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  1. #1
    One of the Originals CalifYanksFan's Avatar
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    June 13, 2000

    A day for Babe



    Two months before his death, Babe Ruth used a bat as a cane as he observed the ceremonies.

    On this date in 1948, Babe Ruth Day at Yankee Stadium drew 49,641 fans. New York retired Ruth's No. 3 and the Yankees beat the Cleveland Indians 5-3.

    1921 -- Babe Ruth of the New York Yankees pitched the first five innings and hit two home runs in an 11-8 victory against the Detroit Tigers


  2. #2
    A new year, a new era penguin4's Avatar
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    It's surprising they took so long to retire his number, of all people. I can understand that they weren't really in the "habit" of retiring numbers back then, but you wonder why they didn't do it even on Babe Ruth Day the year before. Random side thought.
    "You aint my b!tch, n!gga! Buy your own damn fries!" -- Barack Obama

  3. #3
    One of the Originals CalifYanksFan's Avatar
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    Even after they DID start retiring numbers they didn't do it right away. I remember somewhere that at least different players wore DiMaggio's number before #5 was retired.

    Late,

  4. #4
    Now THERE is a Captain !! SanFrANSKY's Avatar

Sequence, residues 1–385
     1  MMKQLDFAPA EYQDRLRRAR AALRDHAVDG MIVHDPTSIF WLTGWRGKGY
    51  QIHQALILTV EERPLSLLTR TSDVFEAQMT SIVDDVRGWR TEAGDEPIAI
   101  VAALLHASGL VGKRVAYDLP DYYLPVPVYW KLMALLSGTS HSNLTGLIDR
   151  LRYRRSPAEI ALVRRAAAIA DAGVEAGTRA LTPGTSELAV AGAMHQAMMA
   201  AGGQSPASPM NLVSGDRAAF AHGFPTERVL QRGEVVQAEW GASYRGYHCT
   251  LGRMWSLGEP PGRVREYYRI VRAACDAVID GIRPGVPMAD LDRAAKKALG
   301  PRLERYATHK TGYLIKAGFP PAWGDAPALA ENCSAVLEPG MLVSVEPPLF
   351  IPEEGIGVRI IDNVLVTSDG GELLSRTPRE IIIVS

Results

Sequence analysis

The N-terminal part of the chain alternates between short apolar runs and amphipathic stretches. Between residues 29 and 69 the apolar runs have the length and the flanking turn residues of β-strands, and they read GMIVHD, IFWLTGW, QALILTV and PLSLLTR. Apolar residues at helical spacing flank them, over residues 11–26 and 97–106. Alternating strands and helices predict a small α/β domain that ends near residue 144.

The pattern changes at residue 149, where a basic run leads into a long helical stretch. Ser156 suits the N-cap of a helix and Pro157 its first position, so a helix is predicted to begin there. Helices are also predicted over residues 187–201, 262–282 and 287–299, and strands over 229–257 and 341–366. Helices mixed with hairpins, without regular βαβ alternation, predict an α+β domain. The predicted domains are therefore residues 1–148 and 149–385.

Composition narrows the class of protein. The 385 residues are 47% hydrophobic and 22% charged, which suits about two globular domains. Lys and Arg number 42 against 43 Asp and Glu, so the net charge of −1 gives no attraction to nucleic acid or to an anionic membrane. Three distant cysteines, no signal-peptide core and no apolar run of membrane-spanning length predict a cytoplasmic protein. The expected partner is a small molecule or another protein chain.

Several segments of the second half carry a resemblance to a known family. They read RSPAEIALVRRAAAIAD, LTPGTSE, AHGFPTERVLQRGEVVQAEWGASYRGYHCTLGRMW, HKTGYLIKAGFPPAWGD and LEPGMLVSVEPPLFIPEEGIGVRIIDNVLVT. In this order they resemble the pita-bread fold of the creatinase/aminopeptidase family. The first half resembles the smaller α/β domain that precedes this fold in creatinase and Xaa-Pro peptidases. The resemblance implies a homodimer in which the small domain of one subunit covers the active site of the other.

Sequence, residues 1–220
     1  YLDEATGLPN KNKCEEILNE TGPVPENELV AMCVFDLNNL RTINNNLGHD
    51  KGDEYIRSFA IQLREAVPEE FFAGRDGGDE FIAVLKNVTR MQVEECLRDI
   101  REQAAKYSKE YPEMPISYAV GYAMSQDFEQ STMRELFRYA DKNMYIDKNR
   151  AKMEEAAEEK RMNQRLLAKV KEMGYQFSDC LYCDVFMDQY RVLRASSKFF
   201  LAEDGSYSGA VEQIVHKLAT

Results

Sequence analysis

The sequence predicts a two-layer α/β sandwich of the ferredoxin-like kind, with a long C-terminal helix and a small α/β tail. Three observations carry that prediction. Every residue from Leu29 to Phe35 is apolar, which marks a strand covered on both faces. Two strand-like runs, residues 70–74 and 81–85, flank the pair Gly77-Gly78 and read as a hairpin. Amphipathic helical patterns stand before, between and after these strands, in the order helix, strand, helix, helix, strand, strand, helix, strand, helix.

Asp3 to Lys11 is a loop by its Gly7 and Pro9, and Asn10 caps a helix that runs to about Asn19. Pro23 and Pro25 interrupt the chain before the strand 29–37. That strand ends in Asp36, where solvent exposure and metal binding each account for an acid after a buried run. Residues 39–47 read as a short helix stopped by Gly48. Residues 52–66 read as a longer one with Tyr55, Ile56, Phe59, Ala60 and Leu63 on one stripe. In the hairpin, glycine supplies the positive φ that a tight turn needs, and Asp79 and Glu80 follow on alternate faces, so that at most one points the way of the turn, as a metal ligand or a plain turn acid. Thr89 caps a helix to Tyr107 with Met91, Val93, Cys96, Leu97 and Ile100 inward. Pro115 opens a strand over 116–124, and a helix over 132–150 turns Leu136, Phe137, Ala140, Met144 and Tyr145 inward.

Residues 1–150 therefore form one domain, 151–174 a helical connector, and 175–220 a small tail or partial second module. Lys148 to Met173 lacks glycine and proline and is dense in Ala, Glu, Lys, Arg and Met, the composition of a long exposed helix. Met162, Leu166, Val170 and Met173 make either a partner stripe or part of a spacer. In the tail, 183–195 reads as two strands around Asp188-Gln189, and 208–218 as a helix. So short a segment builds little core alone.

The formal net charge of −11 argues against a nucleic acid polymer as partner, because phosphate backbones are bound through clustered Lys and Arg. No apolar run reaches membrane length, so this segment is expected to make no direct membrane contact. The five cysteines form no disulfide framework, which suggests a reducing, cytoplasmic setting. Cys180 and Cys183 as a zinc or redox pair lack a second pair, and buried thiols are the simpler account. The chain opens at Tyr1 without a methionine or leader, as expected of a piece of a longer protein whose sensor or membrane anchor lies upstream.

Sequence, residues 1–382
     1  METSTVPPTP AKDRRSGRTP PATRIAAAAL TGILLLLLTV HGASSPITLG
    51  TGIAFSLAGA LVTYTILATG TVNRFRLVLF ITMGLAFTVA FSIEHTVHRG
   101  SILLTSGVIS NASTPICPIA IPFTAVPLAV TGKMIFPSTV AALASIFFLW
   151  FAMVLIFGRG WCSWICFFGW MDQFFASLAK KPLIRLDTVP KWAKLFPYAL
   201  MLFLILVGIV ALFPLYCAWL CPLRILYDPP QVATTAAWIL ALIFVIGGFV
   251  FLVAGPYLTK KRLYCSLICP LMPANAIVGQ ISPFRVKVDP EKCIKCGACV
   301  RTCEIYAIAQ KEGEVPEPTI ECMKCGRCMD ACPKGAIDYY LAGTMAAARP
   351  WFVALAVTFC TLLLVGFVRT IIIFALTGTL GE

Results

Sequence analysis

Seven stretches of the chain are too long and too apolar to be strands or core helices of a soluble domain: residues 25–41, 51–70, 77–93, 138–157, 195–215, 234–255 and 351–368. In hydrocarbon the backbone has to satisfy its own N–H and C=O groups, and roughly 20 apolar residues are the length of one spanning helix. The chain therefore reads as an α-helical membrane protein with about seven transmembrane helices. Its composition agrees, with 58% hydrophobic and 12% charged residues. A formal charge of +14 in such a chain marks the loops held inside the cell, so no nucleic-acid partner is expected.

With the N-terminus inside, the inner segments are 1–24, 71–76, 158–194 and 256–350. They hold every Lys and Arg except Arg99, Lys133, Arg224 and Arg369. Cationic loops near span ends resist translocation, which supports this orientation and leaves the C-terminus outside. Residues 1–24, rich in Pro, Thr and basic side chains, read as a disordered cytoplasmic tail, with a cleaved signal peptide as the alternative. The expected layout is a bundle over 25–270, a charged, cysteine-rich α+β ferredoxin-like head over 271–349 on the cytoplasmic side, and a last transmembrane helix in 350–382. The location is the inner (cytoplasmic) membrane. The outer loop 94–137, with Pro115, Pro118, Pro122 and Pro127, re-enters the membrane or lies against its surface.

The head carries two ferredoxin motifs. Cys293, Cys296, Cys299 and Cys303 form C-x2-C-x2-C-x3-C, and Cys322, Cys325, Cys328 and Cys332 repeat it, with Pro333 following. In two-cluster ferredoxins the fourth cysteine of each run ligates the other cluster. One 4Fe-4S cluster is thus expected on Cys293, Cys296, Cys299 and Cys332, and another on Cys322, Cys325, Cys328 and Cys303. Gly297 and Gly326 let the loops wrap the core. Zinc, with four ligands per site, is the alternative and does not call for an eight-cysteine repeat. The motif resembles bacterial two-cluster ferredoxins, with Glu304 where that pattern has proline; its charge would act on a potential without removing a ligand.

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    I think it's kind of like the 5-year manditory waiting period to get into the Hall of Fame. It allows a cooling-off period after which each player can be judged on merit rather than hype ... or so that the player can be judged in a different sociological climate.

    If you look at the Yankees' retired numbers, lots of them were retired long after the players' careers were over: Yogi's was retired in 1972. Whitey Ford had to wait until 1974. Roger Maris and Elston Howard's numbers were not retired until 1984.

    Fairly Easy Trivia Question: Who was the only player for whom the Hall of Fame waived the manditory waiting period?
    SanFrANSKY
    [img]http://nyyfanscom.baseball.sportsline.com/images/team-logo/sanfransky-9angryblue-36x36.jpg[/img] [b]We're Playaz. We're 9. We're Angry.[/b]
    [color=purple]Base: a certain kind of ball.[/color]
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  5. #5
    Senior Member

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    I thought there were two waivers

    Lou Gehrig was inducted in 1939, the year he retired.

    Roberto Clemente was inducted in 1973, the year he died.

    As Casey said "You could look it up"

  6. #6
    NYYF Legend


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    Leave it to Clipper.
    Land of the free?
    It's all about oil.
    Pray for the proud amerikans

  7. #7
    A new year, a new era penguin4's Avatar
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    Yeah, Clip's right, as usual.

    If I'm not mistaken, there was no five-yr waiting period when Gehrig was inducted, just a customary one-year. Don't know when they changed it to five years...I think, but am not certain, that it wasn't in place yet when Joe D retired because the writers were musing that it was shocking he didn't get in his first year of eligibility... could someone check when they changed the rule? (Or what the rules were, for that matter?)
    "You aint my b!tch, n!gga! Buy your own damn fries!" -- Barack Obama

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